VINTAGE VEER INGS ***
VINTAGE ears will be well catered for by I he V .S.C.C. this season, peace and
petrol permitting. In April 71 Ii the Northern Section has its Blubberhouses follow-my-leader trial, starting (at 11.31 a.m.) and finishing at. Ilkley, this being confined to vintage ears :mil vintage light cars. On May 19th there is the Silverstone Race Meeting, when the vintage sports, vintage racing and even the Edwardian ears disport themselves on the tarmac, and the programme includes a One-Hour High Speed Trial and the 100 kilo. Seaman Trophies Race for vintage and historic racing ears, and a second Silverstone Meeting on June 23rd, to which other clubs are invited.
The Pomeroy Memorial Trophy Competition will be decided on July 7th, a rally will be held at .711adrestield on July 29th and Prescott. Hill taken for a day’s speed on August 18th. A speed trial may be held in September if a course becomes available. The week end of August fithi7tIt will be devoted to a trial and tests in Wales, November 3rd to the Nidderdate Trial and December 2nd to one of the Bisley dash-abouts.
Two other vintage dates for your diary : on June 3rd the V.C.C., together with the V.S.C.C., will be holding a Festival of Britain Cavalcade of okl ears from London to Windsor, which sounds a good day out, and on .June 23rd at the Anniversary Meet ing at Shelsley Walsh aseents of the kin will be made by a selection of vehicles dating from 1001 to 1951, to represent the progress made by the Industry during this period. We gather that some of the actual ears and drivers who competed in 1901 will drive—and that, surely, must include George Lanchester’s Larichester ? Apart front these fixtures, further proof of the prevailing enthusiasm for vintage ears (as if any were needed I) is provides! by that wonderful organisation, the Bentley Drivers’ Club. Some time ago we announced that the B.D.C. had over 1,000 members, mostly owning vintage Bentley ears. Yet, in the first quarter Of this year 83 further members were enrolled, bringing in with (Item 35 more 3-litre and 22 44-litre ears, as well as an 8-litre and some ” 0Is.” One new member has that potent. combination, a 3-litre with 41-litre engine, and the reinainder enrol on the strenath of ai and 41-litre Derby-built. Bentleys, the club admitting these and reminding any sceptics that one of Woolf Barnato’s deepest. wishes was that one day the new Bentley should carry into present-day motoring the great traditions of the vintage versions of the marque. Such. entlussiasm for one make is quite infectious This club’s fixtures seem to fall on unlucky dates from MOTOR SPORT’S
point of view, their Eastbourne Rally falling on March 31st/April 1st, so that this ambitious event cannot be reported here. A pity, for it embraced a longdistance road sect-ion at night, driving tests, and timed ascents of Firle hill, resurfaced for the occasion.
Another date for your vintage diary— vintage date for your diary—anyway, a date—is July 21st, when the B.D.C. stages its Silverstone Bace Meeting, replete with the traditional triangular duel bet ween Bentley, Sunbeam and Mereedes-Benz ears. (Inc Saturday morning when the sun decided to shine I handled a front-wheeldrive Alvis for a few miles, a car with the classic blown four-cylinder (site. engine, reputed to have been one of the team cars. It. produced some surprises. –11 clutch Si) light that the action was as if the pedal were disconnected, a rat her pleasing righthand ball-gate gear change, awl much lighter steering than I should have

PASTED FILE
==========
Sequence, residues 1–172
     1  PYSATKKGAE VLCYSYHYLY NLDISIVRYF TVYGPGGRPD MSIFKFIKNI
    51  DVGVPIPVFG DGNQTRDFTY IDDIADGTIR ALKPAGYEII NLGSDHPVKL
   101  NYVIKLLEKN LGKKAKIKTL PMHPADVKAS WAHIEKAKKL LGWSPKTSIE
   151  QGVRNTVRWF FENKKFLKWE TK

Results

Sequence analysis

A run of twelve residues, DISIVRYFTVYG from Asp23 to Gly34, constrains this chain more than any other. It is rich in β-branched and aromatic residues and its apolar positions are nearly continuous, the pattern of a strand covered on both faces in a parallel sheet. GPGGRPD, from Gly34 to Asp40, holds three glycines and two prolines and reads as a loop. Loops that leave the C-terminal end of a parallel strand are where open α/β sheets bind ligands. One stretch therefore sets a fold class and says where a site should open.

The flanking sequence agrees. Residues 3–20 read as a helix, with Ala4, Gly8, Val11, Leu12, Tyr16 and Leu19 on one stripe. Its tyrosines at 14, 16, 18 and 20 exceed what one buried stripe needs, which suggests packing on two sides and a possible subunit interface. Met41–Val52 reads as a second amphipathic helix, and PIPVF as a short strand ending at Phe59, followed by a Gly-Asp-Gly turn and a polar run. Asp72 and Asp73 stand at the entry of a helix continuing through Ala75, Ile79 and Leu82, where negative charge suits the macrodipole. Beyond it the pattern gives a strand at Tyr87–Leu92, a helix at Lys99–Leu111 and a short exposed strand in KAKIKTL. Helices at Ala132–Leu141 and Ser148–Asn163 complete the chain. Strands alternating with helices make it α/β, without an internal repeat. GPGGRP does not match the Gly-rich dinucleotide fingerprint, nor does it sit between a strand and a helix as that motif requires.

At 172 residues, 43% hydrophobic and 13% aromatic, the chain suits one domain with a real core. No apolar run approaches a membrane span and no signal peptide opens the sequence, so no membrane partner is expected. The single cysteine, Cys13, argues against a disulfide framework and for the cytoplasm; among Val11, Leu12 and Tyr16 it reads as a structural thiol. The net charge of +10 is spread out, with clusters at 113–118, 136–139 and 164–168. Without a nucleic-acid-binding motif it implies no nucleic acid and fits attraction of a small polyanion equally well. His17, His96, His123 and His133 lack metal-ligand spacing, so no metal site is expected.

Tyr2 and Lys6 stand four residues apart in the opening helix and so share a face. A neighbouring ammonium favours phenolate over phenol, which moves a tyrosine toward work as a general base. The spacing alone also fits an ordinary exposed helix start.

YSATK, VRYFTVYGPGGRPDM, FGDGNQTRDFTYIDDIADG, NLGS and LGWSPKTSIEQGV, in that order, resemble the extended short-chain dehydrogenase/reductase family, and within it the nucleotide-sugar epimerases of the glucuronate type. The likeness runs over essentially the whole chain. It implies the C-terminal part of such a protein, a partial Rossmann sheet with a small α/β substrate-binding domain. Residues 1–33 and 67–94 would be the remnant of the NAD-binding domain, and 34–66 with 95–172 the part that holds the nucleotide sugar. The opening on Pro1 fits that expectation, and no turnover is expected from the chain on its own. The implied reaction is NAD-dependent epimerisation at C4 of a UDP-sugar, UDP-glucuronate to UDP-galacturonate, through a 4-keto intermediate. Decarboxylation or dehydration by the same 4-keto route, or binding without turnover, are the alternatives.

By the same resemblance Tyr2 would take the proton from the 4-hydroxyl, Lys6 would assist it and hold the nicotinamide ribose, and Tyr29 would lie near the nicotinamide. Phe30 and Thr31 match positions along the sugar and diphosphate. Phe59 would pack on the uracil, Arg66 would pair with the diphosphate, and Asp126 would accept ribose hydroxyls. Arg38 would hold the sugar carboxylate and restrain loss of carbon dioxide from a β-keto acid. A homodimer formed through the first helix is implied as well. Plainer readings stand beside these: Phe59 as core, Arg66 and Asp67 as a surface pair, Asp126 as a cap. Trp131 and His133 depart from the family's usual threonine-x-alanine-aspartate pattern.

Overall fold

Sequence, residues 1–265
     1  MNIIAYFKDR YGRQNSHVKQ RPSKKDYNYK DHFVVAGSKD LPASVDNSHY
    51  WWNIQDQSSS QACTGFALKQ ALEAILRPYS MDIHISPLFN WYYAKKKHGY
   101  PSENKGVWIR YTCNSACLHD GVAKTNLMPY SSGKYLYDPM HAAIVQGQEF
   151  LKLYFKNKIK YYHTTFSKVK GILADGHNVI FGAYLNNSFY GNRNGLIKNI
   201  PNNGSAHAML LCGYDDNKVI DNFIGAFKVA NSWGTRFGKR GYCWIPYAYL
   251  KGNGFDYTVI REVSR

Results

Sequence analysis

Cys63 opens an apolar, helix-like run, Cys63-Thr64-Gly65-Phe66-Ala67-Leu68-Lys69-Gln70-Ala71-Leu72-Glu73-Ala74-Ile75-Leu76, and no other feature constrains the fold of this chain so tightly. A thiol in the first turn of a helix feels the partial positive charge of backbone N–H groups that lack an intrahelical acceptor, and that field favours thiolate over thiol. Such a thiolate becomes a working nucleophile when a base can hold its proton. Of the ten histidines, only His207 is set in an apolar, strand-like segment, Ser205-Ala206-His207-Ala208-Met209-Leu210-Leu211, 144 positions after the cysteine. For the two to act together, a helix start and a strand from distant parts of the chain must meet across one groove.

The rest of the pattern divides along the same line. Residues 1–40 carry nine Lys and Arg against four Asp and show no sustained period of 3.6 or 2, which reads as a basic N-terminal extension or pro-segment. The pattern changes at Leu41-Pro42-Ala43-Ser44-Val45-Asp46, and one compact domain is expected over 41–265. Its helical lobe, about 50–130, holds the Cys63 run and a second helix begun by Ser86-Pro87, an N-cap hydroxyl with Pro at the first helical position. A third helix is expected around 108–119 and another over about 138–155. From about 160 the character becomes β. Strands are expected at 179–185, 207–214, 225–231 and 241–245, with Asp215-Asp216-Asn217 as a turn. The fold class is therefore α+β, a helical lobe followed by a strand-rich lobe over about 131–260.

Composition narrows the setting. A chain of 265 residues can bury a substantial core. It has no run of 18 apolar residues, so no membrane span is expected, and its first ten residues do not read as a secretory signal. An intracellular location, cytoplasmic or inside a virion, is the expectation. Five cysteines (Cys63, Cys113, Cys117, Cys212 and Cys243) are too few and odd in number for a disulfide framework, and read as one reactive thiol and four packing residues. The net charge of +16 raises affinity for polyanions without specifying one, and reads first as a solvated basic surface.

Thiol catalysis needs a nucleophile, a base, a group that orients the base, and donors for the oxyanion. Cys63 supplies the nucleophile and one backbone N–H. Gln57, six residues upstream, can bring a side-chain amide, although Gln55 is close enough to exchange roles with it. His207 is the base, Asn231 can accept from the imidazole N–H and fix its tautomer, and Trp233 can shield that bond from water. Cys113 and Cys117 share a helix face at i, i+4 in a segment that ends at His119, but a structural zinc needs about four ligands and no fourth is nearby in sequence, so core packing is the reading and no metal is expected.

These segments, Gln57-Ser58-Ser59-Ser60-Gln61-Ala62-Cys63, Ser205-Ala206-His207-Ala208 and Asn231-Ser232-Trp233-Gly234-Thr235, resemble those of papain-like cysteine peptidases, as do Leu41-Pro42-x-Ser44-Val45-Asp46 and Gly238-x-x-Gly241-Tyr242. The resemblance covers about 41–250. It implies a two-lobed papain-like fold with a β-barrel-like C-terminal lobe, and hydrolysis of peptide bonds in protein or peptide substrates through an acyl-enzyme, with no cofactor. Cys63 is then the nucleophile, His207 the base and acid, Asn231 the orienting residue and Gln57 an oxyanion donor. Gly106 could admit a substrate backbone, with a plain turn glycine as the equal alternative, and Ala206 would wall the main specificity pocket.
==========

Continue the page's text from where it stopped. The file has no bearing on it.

expected, which Wati also endowed with a good lock. There was lots of mechanical noise, of eourse, but no sound that I could discern from the neatRoots supercharger mounted on the near side of the cylinder block. This particular car, incidentally, lual a fuel tank in the pointed tail of its two-seater body ; Ii vulnerable part was the front brake linkage, this being the lowest point of the chassis. The brakes were really effective.
Ofil ears eontinue to come to light in odd idaces, us the picture above and the letter which follows serve to emphasise. The ” supply ” cannot be inexhaustible but will probably last for a lOng time yet. Sir, A promised introduction to someone who is prepared to give away two motor ears is sufficient. to turn the head of any enthusiast. However, this really happened to me a few weeks ago, and since the affair appears to bristle with question
marks I am prompted to record an account of what actually took place.
A friend dropped in one evening to ask if I would go with him to ” vet ” special he had spotted in a local advertisement. And, as if to encourage me, he said casually ” By the way, I happen to know where there are two motor cars you can have for nothing—if you can get them here. I don’t, know much about them, but one is a Lagonda.” I must point out. here that nay friend is noted for his leg-pulling, so that at first I did not take much notice of his remarks ; but gradually my curiosity got the better of me, and I began to question my friend most carefully on the matter. It then came to light that a business acquaintance of a friend of his had had these ears in a derelict foundry where they had been undisturbed for nineteen years, but as the premises were being put to some other use the ears were just in the way.
A day or so later I was introduced to the owner, and I was conducted to the resting place of a 1922 ” 11.9″ Lagenda arid an Anzani A.C. of similar vintage. Words fail to describe the scene of desolation that confronted me, but, as will be observed in the accompanying photographs. in the midst of chaotic piles of digu.sed machinery, core boxes and mounds of casting sand, were the ‘complete, though sadly neglected, cars.